Interface transparency and the psychosemantics of most

Natural Language Semantics 19 (3):227-256 (2011)

Authors
Paul Pietroski
Rutgers University - New Brunswick
Abstract
This paper proposes an Interface Transparency Thesis concerning how linguistic meanings are related to the cognitive systems that are used to evaluate sentences for truth/falsity: a declarative sentence S is semantically associated with a canonical procedure for determining whether S is true; while this procedure need not be used as a verification strategy, competent speakers are biased towards strategies that directly reflect canonical specifications of truth conditions. Evidence in favor of this hypothesis comes from a psycholinguistic experiment examining adult judgments concerning ‘Most of the dots are blue’. This sentence is true if and only if the number of blue dots exceeds the number of nonblue dots. But this leaves unsettled, e.g., how the second cardinality is specified for purposes of understanding and/or verification: via the nonblue things, given a restriction to the dots, as in ‘|{x: Dot(x) & ~Blue(x)}|’; via the blue things, given the same restriction, and subtraction from the number of dots, as in ‘|{x: Dot(x)}| – |{x: Dot(x) & Blue(x)}|’; or in some other way. Psycholinguistic evidence and psychophysical modeling support the second hypothesis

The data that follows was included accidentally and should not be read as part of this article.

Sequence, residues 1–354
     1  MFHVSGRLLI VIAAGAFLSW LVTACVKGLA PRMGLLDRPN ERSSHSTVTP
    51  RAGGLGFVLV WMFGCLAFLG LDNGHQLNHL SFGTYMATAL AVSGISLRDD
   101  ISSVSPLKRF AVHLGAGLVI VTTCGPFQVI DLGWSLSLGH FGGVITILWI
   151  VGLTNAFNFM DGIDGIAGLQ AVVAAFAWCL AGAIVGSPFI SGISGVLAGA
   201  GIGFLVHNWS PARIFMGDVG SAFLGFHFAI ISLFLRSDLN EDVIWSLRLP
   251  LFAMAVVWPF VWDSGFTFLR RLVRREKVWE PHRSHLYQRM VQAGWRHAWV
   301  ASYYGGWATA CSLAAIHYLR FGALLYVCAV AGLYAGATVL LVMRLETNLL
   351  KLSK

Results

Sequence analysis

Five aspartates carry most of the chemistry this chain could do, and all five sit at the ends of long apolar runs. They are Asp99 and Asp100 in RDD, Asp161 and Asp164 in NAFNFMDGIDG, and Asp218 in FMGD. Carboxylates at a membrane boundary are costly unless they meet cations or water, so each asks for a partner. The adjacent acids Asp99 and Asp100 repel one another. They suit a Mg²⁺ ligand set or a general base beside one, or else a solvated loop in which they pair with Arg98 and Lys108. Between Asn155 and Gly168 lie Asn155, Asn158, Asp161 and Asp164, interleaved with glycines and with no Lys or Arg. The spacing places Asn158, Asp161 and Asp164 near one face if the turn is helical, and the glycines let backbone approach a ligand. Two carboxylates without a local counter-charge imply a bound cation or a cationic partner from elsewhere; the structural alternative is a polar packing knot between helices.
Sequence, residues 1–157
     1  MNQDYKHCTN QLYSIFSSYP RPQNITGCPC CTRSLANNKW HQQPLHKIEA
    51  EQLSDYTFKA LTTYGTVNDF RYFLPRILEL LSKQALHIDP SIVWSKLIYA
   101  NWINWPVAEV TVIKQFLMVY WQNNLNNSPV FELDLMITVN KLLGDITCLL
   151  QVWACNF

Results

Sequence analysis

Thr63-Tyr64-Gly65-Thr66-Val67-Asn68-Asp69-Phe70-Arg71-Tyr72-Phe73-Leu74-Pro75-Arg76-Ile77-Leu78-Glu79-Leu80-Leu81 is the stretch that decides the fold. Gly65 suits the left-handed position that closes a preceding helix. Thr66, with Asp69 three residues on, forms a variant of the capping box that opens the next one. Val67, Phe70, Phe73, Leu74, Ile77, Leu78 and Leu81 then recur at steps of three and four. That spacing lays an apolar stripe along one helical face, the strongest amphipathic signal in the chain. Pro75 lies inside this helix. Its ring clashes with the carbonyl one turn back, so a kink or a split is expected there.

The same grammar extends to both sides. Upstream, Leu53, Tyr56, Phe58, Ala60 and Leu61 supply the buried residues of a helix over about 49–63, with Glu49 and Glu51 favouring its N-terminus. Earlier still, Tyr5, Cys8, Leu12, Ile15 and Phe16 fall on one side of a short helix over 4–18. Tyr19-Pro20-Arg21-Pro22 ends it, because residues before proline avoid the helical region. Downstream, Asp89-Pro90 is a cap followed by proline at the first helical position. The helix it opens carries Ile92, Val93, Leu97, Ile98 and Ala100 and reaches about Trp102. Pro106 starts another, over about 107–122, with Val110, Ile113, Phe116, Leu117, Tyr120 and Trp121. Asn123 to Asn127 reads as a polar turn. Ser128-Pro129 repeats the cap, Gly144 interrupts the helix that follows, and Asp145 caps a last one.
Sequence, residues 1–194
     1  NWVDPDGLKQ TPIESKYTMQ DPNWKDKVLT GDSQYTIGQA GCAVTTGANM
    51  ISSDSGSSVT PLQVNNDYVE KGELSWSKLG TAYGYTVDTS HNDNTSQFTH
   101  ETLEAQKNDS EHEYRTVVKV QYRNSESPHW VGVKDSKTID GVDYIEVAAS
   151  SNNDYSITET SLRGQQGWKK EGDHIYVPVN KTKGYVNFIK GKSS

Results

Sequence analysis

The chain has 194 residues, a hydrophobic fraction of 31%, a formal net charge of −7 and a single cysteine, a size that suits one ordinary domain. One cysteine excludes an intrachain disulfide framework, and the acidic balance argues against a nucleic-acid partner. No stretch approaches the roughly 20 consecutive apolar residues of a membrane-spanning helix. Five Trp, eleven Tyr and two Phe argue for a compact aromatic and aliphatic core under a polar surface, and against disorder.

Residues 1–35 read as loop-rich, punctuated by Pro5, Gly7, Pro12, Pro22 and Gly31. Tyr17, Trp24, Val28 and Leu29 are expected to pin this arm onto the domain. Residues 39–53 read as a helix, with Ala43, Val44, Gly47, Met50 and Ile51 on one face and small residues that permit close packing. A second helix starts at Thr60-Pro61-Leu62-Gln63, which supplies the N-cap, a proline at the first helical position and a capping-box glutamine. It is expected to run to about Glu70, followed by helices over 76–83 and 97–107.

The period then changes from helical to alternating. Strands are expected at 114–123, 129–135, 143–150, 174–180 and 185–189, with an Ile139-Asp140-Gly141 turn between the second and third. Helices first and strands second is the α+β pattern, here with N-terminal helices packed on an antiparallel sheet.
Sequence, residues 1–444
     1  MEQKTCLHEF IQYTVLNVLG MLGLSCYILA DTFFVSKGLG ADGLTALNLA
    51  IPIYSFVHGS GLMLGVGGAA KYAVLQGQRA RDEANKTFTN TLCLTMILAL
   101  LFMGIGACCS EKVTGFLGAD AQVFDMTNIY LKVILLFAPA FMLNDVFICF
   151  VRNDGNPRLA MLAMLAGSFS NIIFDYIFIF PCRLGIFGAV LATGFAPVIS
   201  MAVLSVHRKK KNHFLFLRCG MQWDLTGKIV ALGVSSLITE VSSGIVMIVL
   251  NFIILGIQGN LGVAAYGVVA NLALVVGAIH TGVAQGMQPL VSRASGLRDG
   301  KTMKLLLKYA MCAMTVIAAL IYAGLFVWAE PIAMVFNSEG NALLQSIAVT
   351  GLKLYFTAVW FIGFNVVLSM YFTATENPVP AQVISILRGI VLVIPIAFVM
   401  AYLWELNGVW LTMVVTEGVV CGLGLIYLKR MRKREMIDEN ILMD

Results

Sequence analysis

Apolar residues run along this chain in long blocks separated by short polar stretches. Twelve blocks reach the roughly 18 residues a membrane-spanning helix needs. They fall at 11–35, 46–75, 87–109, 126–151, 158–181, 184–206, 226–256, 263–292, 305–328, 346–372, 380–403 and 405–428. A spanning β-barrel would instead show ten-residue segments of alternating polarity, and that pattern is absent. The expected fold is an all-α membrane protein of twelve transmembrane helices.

Keywords Analog magnitude  Approximate number system  Semantics–cognition interface  Number  Quantification  Mathematics   Most  Language processing  Language development
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DOI 10.1007/s11050-010-9062-6
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References found in this work BETA

Vison.David Marr - 1982 - W. H. Freeman.
Core Systems of Number.Stanislas Dehaene, Elizabeth Spelke & Lisa Feigenson - 2004 - Trends in Cognitive Sciences 8 (7):307-314.

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Citations of this work BETA

Compositionality Without Word Boundaries: (The) More and (the) Most.Anna Szabolcsi - 2012 - Proceedings of Semantics and Linguistic Theory (SALT) 22.
Iterating Semantic Automata.Shane Steinert-Threlkeld & I. I. I. Thomas F. Icard - 2013 - Linguistics and Philosophy 36 (2):151-173.
Lexical Flexibility, Natural Language, and Ontology.Christopher A. Vogel - 2016 - Croatian Journal of Philosophy 16 (1):1-44.

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